Only when we truly see the similarities, not the differences in human beings, do we really appreciate and understand the meaning of human compassion and loving kindness: a fellow human being is just like any other human being with the same desire to be happy and to avoid suffering. Essentially, it is the wisdom of focusing on others rather than self.

Reflections on TAO Wisdom

TAO wisdom is based on the wisdom of the ancient Chinese sage Lao Tzu, who was the author of the ancient immortal classic "Tao Te Cing."

Tao (or the Way) is the pathway to wisdom, which is self-intuition through self-awakening. Once it is expressed in words, it is no longer the pathway. Anything with a name immediately assumes an identity and thus becomes pre-conditioning and self-limiting-obstacles to freedom in thinking, which is the source of human wisdom.

Be A Better And Happier You With TAO Wisdom

This 132-page book is based on the profound human wisdom expressed in “Tao Te Ching.” The book contains the translation in simple English of the complete text of “Tao Te Ching.” To illustrate, the language is simple and easy to understand, but the wisdom expressed may be difficult:

“Like water, soft and yielding,
Yet it overcomes the hard and the rigid
Stiffness and stubbornness cause much suffering.
We all intuitively know
that flexibility and tenderness
are the way to go.
Yet our conditioned minds
tell us to go the other way.”
(Chapter 78, Tao Te Ching)

This book shows you how to attain true human wisdom through asking self-intuitive questions, creating an empty mindset with reverse thinking to let go of the ego-self to become a better and happier you.

The wisdom of TAO begins with the power of intent in the mind to know and to learn more about the true “self”-after all, wisdom is about self, and about how it reacts with everyone and everything around. In the quest of wisdom, the revelation of having no ego-self is the turning point, where you may begin to embark on a different life journey with a different mission. Your “conditioned” mind thus begins the journey of “reverse thinking” which will ultimately change your life, making you a better and happier you.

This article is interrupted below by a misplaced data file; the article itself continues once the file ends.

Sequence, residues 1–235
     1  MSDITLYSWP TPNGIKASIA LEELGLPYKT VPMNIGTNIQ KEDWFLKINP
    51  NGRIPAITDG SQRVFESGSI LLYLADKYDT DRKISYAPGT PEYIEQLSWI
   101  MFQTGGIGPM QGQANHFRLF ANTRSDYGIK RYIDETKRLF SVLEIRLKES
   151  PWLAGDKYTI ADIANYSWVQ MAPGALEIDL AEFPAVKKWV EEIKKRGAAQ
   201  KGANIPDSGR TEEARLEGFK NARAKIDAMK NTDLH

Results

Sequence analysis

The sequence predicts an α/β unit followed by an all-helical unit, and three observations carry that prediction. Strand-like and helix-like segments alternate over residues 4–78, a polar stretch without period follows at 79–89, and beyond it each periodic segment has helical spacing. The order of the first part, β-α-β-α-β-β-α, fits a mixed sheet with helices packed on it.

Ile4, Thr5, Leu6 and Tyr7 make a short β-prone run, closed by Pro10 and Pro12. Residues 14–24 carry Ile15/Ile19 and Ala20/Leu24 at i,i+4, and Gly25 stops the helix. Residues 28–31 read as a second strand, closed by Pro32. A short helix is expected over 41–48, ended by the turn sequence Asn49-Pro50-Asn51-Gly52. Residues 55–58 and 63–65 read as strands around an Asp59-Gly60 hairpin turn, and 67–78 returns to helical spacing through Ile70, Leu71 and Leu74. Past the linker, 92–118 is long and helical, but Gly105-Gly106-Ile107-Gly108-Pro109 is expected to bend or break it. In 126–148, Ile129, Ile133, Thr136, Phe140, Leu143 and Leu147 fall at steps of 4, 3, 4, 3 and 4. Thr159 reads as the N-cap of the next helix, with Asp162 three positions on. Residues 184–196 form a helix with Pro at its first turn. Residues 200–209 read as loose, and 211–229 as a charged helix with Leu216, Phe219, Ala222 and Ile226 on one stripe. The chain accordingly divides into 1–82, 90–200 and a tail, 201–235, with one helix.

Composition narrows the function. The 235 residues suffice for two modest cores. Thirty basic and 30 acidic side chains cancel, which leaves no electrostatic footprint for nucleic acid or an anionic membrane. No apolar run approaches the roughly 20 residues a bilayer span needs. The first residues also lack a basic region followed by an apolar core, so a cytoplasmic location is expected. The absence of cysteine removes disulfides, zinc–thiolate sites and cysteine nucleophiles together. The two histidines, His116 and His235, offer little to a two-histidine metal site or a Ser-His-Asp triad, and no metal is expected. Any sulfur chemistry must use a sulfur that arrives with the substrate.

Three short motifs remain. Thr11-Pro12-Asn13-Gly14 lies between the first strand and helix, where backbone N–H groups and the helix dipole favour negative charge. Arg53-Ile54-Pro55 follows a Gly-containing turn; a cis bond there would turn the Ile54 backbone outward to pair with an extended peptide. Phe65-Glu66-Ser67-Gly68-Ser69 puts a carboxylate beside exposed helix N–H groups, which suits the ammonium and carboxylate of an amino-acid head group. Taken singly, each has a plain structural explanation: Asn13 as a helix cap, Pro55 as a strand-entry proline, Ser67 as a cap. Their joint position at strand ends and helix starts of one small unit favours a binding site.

TAO wisdom enables you to see the wisdom in the oneness of all life-that everything exists because of its “opposite” and that everything will ultimately become its opposite, just as youth becoming old age, and life becoming death. Spontaneity, which is following the natural laws of nature, holds the key to attaining true human wisdom to live your life as if everything is a miracle.

Part One of the book explains the prerequisites of human wisdom. Without true human wisdom, it is almost impossible to perceive the innate human goodness in self, as well as in others. Human goodness leads to the attributes of genuine human happiness.

Part Two is the complete translation of the 81 short chapters of Lao Tzu's "Tao Te Ching" in simple English for readers to understand the complex and controversial wisdom of “Tao Te Ching.”

Part Three highlights the essentials of TAO wisdom, and shows how it can be applied to contemporary living so that you may live as if everything is a miracle to be a better and happier you.

To be a better and happier you is both easy and difficult: TAO wisdom is easy to understand with an empty mind, but difficult to assimilate its depth and profoundness.

Click here to get the book.

The Universal Truth

“The ancient prophets were wise.
Their wisdom was unfathomable.
It is indispensable to understanding the salvation from the Creator.

All we can do is to live by their profound prophecies:
watchful, like a man crossing a winter stream;
alert, like a man aware of danger;
courteous, like a visiting guest;
yielding, like ice about to melt;
simple, like a piece of uncarved wood;
hollow, like a cave;
opaque, like muddy water.

Living by their prophecies, we wait for our muddled thoughts to settle,
our composed minds to become clear just like muddy water, until enlightenment arises, followed by eternal salvation.”
(Lao Tzu, Tao Te Ching, chapter 15)

The Wisdom to Understand                          

Living in TAO is the art of living well, which requires the wisdom to understand that all things follow a natural cycle, such as what goes up must also come down, and day is followed by night, and life begets death.

Living is simple: just be a spectator, only watching the comings and goings of anything and everything.

With what you have, do what you can. With no picking and no choosing, never over-do anything. With no preference and no expectation, just accept and embrace whatever that turns out. Life always follows a natural cycle of spontaneity-everything just comes and goes, generating balance and harmony.

Stephen Lau
Copyright© by Stephen Lau